Chapter 12_ Building and Maintaining Systems by hcj

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									Building and Maintaining
        Systems
Building and Maintaining
Information Systems
 Phases of information systems
 Alternative approaches for building information
  systems
 Traditional SDLC
 Prototypes
 Application Packages
 End-User Development
 How to choose which methods to use?
Introductory case (Microsoft)…
 “Big system” development
 How does this compare to small, focused
  projects?
 How does this compare to the open source
  philosophy?
Phases of any information system
 Remember these? From the first chapter,
  and it was a mid-term question…
 Phases (generically speaking)
  –   Initiation
  –   Development
  –   Implementation
  –   Operation and maintenance
Cost of errors, based on time of
detection
How are these phases linked?
Alternative approaches for
building systems
 Approaches
  – Traditional SDLC
  – Prototypes
  – Application Packages
  – End-user development
 Let’s look at each of these in more detail…
What are the differences?
TRADITIONAL SYSTEM LIFE CYCLE
Issue addressed: Control
Summary: Go through a fixed sequence of steps with signoffs after each step and careful
    documents.

PROTOTYPE
Issue addressed: Knowledge
Summary: Quickly develop a working model of the system; use the model to gain experience
    and decide how the final system should operate.

APPLICATION PACKAGES
Issue addressed: Resources and timing
Summary: Purchase an existing information system from a vendor; customize the system if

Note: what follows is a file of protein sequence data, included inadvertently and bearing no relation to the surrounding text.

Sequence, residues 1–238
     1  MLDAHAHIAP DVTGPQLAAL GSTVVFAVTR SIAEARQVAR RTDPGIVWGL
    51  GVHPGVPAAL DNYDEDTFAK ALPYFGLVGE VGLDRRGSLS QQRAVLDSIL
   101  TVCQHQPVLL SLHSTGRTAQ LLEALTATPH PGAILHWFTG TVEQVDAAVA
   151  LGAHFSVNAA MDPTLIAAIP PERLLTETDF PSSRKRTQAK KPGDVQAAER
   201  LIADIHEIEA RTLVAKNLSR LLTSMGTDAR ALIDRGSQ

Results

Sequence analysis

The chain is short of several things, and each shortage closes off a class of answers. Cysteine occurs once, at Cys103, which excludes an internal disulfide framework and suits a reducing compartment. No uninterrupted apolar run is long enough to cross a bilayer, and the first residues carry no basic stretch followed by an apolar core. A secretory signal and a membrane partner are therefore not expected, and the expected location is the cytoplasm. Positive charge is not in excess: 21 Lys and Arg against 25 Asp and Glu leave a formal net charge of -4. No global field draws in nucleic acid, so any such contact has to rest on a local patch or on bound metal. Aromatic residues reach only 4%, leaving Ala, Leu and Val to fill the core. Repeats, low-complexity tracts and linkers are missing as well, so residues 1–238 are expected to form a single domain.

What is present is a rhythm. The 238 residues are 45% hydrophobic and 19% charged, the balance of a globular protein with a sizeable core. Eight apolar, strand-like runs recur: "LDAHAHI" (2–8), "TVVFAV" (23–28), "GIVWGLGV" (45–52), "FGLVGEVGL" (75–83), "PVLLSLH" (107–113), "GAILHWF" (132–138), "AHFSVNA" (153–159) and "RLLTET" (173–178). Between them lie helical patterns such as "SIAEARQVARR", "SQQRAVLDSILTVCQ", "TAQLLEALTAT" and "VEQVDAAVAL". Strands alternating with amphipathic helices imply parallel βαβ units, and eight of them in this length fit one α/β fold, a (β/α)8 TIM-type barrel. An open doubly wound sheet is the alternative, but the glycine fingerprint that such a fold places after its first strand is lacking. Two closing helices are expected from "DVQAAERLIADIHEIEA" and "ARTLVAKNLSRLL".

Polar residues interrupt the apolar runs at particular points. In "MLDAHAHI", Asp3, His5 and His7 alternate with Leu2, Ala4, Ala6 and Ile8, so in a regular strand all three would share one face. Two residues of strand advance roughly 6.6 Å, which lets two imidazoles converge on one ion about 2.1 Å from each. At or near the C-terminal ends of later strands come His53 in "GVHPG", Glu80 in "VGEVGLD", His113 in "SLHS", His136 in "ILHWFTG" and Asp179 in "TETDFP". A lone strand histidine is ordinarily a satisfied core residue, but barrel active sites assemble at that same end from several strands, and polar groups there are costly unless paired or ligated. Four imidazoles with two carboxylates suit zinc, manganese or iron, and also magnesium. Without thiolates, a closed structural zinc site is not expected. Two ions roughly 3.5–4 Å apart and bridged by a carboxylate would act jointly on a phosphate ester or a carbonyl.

necessary.

END USER DEVELOPMENT
Issue addressed: Responsiveness
Summary: Provide tools and support that make it practical for end users to develop their own
    information systems.
Traditional SDLC
 Initiation
   – Feasibility study
      • Economic, technical and organizational
   – Functional spec
   – Project plan
 Development
  – Look at the diagram on the next slide…
Steps in Development
Formal development in action…
 The IMS project
Traditional SDLC
 Implementation
   – Is there a similar breakdown of tasks?
Implementation
Traditional SDLC
 Operation and maintenance
Prototypes
 Phases
 Advantages & disadvantages
  – Used when there is not a clear picture of what is
    needed in a system
  – Iterative “quick & dirty” mockups
Prototype phases…
INITIATION
Users and developers agree to develop a prototype because they need experience
   with a working model before designing a final system.
DEVELOPMENT
Working iteratively with users, a prototype is developed and improved. Later, decide
   whether to complete the prototype or switch to a traditional life cycle.
IMPLEMENTATION
Accomplish parts of implementation along with development as users work with the
   prototype system. Dispel skepticism about whether the system will meet users’
   needs.
OPERATION AND MAINTENANCE
May be similar to a traditional life cycle. May require less maintenance because the
   system fits users’ needs more accurately. May require more maintenance
   because the system is not constructed as well.